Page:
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1.3 (Berger and Fish) - Bryant 1 Justin Bryant 12 March...

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Bryant 1 Justin Bryant 12 March 2007 English 131 Q 1.3: Bringing Fish to Berger The study of how we think and interpret often results in interesting conclusions. Two individuals, John Berger and Stanley Fish, have produced separate insightful looks into what they believe produces our personal interpretations. Berger is an art historian who analyzed specifically how people look at art while Fish was focused on how a group of experiences, called interpretive communities, affect the way a person understands everything around them. While Stanley Fish is profound in his breakdown of how one interprets all around them, Fish’s concept of interpretive communities can be expanded upon and complemented by John Berger’s explanation of how surroundings affect ones interpretations and how those interpretations can lead to what he calls mystification. Personal opinions are ultimately affected by the atmosphere in which they are told. These opinions end up disorienting what they were interpreting by adding layers of analyses. When applied to interpretive communities these two ideas give a broader interpretation beyond what Fish writes to explore the entire picture of how interpretations are made and what the effects of these interpretations can be. Stanley Fish’s lecture “How to Recognize a Poem When You See One” claims that an individual’s interpretation of anything is a result of the compilation of their personal experiences, learnt behaviors and cultural background. The combination of these three factors lead to an individual’s interpretive communities. The interpretive communities one belongs to are responsible for why someone can analyze a literary text and come to a totally different conclusion then someone else who has also reviewed it. The reason for this is, as Fish eloquently explains, “interpretation is not the art of construing but the art of constructing.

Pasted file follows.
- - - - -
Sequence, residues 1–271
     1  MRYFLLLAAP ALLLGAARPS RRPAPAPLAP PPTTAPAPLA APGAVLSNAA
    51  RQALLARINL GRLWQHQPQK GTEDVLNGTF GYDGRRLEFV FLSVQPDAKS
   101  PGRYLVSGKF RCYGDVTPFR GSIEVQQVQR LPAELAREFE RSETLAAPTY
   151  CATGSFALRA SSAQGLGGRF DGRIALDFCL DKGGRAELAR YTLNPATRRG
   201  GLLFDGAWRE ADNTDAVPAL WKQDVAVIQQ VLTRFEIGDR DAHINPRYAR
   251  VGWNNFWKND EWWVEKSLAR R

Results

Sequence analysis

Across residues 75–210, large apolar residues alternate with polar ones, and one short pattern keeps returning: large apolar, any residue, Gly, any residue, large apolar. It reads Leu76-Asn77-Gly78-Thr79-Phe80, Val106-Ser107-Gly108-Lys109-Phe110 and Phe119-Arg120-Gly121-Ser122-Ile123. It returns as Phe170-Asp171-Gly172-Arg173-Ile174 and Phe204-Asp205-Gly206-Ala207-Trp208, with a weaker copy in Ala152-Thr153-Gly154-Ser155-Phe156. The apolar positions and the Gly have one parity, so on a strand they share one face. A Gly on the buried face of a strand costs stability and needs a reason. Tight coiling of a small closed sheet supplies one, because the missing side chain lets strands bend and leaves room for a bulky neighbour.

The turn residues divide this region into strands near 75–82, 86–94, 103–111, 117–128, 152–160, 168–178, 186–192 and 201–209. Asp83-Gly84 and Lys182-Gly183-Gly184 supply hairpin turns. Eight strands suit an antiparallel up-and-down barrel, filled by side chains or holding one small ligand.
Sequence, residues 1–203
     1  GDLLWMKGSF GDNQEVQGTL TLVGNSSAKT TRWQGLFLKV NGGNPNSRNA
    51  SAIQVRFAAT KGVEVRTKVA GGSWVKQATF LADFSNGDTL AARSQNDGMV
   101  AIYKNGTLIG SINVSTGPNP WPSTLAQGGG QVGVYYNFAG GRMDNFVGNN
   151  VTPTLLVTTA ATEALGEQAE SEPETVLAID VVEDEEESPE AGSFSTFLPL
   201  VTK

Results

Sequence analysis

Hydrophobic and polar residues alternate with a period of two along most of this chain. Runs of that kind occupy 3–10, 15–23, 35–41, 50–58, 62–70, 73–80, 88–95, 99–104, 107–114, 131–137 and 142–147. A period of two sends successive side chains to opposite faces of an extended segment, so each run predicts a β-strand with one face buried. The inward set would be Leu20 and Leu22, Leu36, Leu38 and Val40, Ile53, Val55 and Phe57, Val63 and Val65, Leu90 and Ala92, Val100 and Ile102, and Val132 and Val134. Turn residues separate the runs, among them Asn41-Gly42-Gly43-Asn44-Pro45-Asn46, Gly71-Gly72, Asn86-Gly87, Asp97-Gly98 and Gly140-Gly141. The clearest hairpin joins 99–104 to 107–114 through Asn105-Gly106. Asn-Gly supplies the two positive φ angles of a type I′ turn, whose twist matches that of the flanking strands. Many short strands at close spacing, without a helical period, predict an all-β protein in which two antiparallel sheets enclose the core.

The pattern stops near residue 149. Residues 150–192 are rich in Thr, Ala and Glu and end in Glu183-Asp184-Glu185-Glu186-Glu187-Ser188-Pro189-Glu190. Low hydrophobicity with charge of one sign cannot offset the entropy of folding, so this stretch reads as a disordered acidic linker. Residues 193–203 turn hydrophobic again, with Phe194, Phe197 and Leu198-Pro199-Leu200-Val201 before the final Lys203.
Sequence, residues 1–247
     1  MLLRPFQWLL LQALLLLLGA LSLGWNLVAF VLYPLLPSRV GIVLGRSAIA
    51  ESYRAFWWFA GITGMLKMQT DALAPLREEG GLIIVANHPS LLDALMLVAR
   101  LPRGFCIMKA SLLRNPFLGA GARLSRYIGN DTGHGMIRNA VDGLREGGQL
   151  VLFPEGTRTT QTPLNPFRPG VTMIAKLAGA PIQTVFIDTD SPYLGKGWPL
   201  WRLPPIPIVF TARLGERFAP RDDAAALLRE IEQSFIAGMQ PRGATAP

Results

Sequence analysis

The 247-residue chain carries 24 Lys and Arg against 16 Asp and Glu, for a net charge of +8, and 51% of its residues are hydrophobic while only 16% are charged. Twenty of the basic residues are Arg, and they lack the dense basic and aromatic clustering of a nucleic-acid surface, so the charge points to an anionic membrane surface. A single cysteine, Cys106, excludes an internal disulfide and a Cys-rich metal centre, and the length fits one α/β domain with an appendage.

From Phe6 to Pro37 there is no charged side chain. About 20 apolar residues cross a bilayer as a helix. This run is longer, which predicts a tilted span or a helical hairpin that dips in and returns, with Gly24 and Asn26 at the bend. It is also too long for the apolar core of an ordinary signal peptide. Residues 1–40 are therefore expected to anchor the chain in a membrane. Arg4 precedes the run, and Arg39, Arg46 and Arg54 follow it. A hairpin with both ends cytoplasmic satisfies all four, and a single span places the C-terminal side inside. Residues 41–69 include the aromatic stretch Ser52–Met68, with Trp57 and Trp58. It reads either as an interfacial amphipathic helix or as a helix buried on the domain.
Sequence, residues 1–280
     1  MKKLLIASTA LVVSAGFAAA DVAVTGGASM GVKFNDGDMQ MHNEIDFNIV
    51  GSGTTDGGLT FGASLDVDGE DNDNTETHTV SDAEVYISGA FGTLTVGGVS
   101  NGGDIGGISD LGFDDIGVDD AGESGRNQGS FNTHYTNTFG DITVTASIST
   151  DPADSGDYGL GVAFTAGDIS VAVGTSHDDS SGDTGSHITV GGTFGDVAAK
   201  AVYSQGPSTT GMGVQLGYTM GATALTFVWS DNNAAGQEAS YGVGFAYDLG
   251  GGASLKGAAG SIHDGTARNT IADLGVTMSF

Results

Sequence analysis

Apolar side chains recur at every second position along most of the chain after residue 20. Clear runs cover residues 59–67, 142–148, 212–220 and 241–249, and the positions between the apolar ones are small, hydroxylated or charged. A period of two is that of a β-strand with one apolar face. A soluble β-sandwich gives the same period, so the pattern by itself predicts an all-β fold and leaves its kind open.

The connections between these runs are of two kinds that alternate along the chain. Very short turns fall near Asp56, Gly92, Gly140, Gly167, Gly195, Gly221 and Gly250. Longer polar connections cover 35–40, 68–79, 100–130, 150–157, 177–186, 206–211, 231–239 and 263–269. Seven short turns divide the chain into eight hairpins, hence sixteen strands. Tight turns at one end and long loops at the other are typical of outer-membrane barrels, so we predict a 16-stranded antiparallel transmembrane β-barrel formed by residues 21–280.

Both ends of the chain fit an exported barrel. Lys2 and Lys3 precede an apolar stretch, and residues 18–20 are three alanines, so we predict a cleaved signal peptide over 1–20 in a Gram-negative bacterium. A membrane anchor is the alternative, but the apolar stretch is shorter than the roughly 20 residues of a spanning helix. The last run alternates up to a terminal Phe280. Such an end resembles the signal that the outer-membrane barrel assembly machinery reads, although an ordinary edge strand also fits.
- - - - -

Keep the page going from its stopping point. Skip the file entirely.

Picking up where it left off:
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Bryant 2 Interpreters do not decode poems; they make them.”
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